MR. MURTON: Right. That's a good question, and we will work on that.
MR. SPOTH: While we wait for the next question, we'd be pleased to work with the Mass Bankers Associations and others on messages there, I think.
PARTICIPANT: Hi. I'd just like a little more clarification on the topic of the supervisory oversight, if entities participate in the guarantee program. It seems to indicate that there will be enhanced supervisory oversight, but in your earlier comment you indicated it would be just a normal supervision to insure no rapid growth or excessive risk taking.
Do you want to comment on that?
MR. SPOTH: Sure. I could offer a broad comment on that. It's going to be normal supervision as the institution -- each one of you is experiencing a particular level of supervision for the characteristics of your institution and nothing will change there with respect to that outside of watching for, you know, growth and the risk taking that might come about through new funding.
So if somebody were in very safe and sound condition, they should expect to be treated that way, and somebody who was a problem institution, they should expect to continue to be accorded supervision along that approach.
PARTICIPANT: Thank you.
OPERATOR: Other questions?
Your line is open.
PARTICIPANT: Thank you.
I'd like to follow up on the prior questioner's comment about Fed funds because I agree it's completely not understood by the public. What you said was that all Fed funds are guaranteed for the next 30 days, if I heard it right. And how do I know, thinking about selling to, you know, some Bank X, how do I know what their limit was on September 30th? How do I know how many other people they're buying Fed funds from? How can I figure if my Fed funds that I'm selling to Bank X is covered if it's a function of 125 percent of September 30th?
They could be borrowing ten times that much in Fed funds, and how do I know what side of the line I would be on?
MR. MURTON: Well, I'll let my colleagues help out here, but we are going to require that there be good disclosures and that they monitor their cap, and when they are above the cap, they will not be able to continue to participate in this, and we will hold them to that, and presumably we'll have fairly strict penalties for anything issuing beyond the cap.
PARTICIPANT: Were you done with your answer? I'm sorry.
MR. MURTON: Yes, yes.
PARTICIPANT: I didn't want to break in if you weren't done.
MR. MURTON: No, go ahead.
PARTICIPANT: So how do I, having said that, which I appreciate, how do I protect myself against some institution's wire desk either ignoring the limits or not knowing what they are or just being deliberately fraudulent?
I can understand that you would exercise penalties against the issuer.
MR. MURTON: Yes, I've got your question now.
PARTICIPANT: -- hold me harmless if the buying institution screws it up? Pardon my language.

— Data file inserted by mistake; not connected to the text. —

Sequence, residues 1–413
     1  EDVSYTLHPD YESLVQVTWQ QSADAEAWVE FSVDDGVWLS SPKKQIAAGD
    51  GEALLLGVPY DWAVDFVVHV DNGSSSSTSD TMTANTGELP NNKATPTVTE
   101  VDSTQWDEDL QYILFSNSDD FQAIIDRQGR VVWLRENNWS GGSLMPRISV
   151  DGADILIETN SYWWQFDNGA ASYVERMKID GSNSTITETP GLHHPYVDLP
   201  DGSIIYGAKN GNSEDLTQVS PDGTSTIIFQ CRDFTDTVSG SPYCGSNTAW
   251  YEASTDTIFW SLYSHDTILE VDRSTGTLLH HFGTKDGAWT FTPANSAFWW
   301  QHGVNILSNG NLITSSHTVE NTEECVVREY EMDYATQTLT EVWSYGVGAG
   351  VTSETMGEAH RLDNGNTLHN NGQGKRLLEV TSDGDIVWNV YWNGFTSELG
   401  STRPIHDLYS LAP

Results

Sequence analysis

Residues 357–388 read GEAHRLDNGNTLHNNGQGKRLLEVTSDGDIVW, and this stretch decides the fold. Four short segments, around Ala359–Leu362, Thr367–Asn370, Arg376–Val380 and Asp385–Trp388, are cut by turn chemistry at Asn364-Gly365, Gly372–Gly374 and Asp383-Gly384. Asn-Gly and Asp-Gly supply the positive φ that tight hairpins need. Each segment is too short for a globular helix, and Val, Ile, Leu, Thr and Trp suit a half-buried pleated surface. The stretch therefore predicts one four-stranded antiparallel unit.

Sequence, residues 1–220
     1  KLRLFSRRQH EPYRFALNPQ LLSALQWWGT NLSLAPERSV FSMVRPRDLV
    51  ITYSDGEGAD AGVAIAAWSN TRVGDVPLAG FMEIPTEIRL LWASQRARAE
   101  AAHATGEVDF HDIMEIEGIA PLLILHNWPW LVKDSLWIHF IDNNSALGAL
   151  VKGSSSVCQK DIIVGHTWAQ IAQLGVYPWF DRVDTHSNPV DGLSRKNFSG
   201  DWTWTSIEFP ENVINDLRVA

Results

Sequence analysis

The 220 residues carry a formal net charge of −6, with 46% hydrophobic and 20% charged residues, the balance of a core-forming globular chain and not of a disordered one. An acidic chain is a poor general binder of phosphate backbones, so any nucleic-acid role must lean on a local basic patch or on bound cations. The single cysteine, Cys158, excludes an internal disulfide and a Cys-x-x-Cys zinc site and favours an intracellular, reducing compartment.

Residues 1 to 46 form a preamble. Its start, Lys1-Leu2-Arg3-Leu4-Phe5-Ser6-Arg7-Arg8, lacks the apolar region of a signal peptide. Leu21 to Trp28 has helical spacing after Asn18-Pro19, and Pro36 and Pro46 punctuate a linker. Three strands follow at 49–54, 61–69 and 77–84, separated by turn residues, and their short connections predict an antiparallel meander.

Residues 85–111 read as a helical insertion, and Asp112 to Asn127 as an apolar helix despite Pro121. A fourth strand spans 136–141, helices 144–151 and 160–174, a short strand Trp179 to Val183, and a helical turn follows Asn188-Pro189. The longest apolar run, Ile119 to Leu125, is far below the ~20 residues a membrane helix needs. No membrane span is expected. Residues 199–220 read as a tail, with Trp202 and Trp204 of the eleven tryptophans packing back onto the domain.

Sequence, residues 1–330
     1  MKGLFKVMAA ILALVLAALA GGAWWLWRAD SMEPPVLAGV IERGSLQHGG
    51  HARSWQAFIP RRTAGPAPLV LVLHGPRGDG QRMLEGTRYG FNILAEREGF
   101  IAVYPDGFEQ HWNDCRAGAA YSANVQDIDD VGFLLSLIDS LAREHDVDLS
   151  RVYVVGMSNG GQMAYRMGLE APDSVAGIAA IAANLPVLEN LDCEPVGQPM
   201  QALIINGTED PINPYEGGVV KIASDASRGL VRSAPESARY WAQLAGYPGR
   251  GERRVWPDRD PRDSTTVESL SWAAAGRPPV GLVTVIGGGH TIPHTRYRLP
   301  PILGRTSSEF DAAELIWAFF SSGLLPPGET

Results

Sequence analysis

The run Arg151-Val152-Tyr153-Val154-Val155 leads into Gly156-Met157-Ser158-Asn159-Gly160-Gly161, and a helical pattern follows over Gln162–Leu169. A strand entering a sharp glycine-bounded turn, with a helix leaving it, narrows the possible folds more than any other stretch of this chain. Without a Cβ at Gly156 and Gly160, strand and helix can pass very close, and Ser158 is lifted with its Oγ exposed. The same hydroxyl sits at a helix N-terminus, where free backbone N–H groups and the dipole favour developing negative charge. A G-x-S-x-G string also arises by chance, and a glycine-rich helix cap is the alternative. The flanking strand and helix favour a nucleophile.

MR. MURTON: I think, and, again, nothing is final, our thinking is you would be covered.
MR. FRITTS: I think it might be - this is Steve Fritts -- I think it might be a valuable exercise if there's any concerns in your mind. First of all, we would expect everyone offering debt that they believe has our guarantee and certainly that we believe they have our guarantee, that they would represent that very clearly, and we expect them to have those conversations with us and their primary regulators about that, and also I think if you had any concern or question, you need to be talking to us.
And as we build the reporting mechanism, I think there was a question there about what is enhanced. I think that there will probably be some enhanced reporting that is required, and I think by the time the 30 days expires for the optionality, we'll have a lot more formal overlay of systems and information that you can rely on.
PARTICIPANT: Okay. So in the interim, as I look at my responsibilities to my shareholders, it sounds like you're saying all fed funds are guaranteed regardless for the next 30 days, and then we're going to go to the 125 percent system. Is that in writing somewhere that I can give my wire desk and say, "Don't worry. The FDIC says it's all guaranteed for the next 30 days regardless"?
Is that how I should read what you're saying?
MR. THOMAS: No.
PARTICIPANT: I'm sorry. What is happening for the next however many days it is until you have this reporting mechanism in place for people who are selling fed funds to absolutely know on a given day, today, tomorrow, whether or not the fed funds that we're selling to so-and-so are guaranteed?
MR. MURTON: I think when John said no, he was saying no to do we have a legal document for you right now, and the answer to that is no. But the answer to "Are fed funds safe during the 30-day period?" the answer is yes.
PARTICIPANT: Okay. So it has nothing to do with the 125 percent calculated limit or any of that stuff?
MR. THOMAS: The borrowers are bound by that limit unless the FDIC, in consultation with their PRFs increased it. But as a practical matter, we understand the problem that the lenders have. We're going to do everything we can to avoid having the question come up as to whether you're protected or not.
We'll have some more definitive guidance, but I think the reality is as long as you're operating in good faith, you're trying to deal with responsible parties, that we would have to cover. But the limits very much apply to the borrower, and we expect that to be adhered to.
When we talked about enhanced enforcement or enhanced supervision, that's certainly a large part of that, trying to make sure. The thing needing to be enhanced is we didn't have these programs before. They didn't exist. So now we needed to enhance the programs to cover this, to make sure the people do comply on the borrowing side.